13 February 2020 (closed)
USD/IDR (13,707) +28.00 +0.20%
EUR/IDR (14,853) -19.58 -0.13%
Jakarta Composite Index (5,871.95) -41.13 -0.70%
On Thursday's trading day, the Indonesia Stock Exchange (IHSG) was tame and weakened again. Foreign market participants were mostly selling their Indonesian assets and influenced domestic investors to behave similarly. Most other Asian stock markets, however, turned positive and were followed by good European openings. It did not prevent the IHSG from losing 49.07 points, or 1.01 percent to 4,786.37. Trade volume increased, while total value of transactions decreased.
The IDR rupiah continued its decline in line with the rise of the US dollar after US retail sales rose 1.1 percent instead of the estimated 0.2 percent. Together with that rise comes a bit of fear with regard to the fiscal stimulus program of the Federal Reserve. Other negative market sentiments came from Italy's bond auction that did not meet its target of 7.25 billion and Italy's bond yield (three-year tenor) that increased to 2.48 percent from 2.30 percent. The country is also still plagued by political uncertainty. Despite promising data from Australia - where unemployment was maintained at 5.4 percent in January, while the group of employed people rose by 71.5 thousand from an estimated 13.1 thousand, - it was not able to support the IDR.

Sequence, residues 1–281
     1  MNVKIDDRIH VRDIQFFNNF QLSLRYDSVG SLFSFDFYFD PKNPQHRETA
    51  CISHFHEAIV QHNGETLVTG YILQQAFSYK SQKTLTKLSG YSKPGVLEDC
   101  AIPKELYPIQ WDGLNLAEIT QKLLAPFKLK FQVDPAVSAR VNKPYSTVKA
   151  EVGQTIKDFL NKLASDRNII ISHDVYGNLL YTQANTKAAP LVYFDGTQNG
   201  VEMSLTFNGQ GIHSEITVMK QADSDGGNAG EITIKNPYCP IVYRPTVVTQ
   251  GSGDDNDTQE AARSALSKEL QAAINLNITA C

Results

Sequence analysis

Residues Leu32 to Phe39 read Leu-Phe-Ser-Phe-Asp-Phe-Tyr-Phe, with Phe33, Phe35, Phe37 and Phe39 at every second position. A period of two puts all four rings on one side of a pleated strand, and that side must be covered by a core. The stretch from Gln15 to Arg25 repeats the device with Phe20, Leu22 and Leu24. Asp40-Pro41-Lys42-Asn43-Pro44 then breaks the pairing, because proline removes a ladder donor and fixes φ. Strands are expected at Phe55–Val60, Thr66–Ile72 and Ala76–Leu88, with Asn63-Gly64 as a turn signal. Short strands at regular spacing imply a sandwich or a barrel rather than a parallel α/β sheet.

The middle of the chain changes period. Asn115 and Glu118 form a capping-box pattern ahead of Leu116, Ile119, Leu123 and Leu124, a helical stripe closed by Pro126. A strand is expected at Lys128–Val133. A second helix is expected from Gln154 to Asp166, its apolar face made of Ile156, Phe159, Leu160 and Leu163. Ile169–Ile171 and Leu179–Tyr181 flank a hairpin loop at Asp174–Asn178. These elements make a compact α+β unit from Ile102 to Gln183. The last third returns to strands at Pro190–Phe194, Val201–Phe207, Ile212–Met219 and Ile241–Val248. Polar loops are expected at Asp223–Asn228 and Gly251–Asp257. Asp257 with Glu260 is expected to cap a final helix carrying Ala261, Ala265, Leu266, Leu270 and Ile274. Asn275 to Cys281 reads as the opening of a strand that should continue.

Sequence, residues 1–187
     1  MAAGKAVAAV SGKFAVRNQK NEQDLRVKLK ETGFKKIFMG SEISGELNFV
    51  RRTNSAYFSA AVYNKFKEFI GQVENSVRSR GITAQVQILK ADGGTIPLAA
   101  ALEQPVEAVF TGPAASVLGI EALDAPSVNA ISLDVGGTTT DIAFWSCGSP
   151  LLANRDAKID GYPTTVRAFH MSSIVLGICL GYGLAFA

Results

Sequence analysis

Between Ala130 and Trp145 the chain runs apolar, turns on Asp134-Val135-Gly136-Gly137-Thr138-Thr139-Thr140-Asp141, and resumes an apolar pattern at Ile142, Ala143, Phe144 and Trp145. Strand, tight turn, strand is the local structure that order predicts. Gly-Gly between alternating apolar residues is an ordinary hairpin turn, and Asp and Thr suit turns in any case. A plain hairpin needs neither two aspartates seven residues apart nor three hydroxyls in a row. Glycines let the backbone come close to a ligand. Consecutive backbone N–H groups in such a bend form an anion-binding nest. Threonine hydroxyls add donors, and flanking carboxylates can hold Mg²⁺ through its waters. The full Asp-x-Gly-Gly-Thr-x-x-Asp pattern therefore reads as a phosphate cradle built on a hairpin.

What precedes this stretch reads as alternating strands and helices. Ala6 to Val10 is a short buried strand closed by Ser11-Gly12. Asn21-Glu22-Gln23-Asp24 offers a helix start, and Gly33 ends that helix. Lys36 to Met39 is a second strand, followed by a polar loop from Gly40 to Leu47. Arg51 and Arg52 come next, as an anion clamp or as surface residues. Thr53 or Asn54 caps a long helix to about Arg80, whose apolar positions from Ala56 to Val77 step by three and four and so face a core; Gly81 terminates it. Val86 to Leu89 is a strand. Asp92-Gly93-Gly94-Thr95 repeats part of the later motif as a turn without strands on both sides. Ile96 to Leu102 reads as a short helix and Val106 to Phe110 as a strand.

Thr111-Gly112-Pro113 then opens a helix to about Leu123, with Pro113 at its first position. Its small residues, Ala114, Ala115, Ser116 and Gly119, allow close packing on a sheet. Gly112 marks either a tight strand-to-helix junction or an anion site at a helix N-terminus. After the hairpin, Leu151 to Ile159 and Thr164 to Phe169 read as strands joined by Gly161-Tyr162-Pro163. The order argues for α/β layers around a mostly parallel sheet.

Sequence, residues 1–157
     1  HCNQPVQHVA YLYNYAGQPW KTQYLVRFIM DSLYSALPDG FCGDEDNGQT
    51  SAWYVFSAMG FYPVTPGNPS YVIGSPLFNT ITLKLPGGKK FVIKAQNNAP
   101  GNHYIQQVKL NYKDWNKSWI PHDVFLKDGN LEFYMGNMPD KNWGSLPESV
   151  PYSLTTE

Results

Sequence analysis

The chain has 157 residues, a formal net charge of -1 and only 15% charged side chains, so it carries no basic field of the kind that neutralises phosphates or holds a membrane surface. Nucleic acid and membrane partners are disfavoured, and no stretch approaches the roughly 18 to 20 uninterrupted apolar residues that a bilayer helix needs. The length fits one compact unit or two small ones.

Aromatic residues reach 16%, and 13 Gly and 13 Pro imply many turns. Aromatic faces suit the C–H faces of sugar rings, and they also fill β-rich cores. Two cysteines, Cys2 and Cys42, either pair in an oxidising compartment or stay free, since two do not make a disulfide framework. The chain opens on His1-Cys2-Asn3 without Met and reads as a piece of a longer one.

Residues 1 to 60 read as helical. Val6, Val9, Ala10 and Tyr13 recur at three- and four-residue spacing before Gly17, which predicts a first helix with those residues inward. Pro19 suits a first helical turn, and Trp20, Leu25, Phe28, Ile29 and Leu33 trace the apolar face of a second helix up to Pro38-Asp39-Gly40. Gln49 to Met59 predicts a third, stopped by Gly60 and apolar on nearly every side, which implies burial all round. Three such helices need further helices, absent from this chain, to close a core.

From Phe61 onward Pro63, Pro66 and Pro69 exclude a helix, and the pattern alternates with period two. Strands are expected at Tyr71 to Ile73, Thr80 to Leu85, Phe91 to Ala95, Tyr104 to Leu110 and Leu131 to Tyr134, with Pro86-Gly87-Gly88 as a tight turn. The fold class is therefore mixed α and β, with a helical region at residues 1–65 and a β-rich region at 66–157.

Asian stock markets initially weakened after responding negative to news that China will create policy to limit growth in its property sector in order to avert a property bubble. But at the end of the trading day, most Asian stocks were up after Japan's House of Representatives showed support for Prime Minister Shinzo Abe's nominee for the position of central bank governor. Another development that turned Asian markets green was the replacement of Hu Jiantao by Xi Jinping as president of China, and Li Keqiang as new prime minister. Despite challenges, market participants expect a lot from the country's new leadership.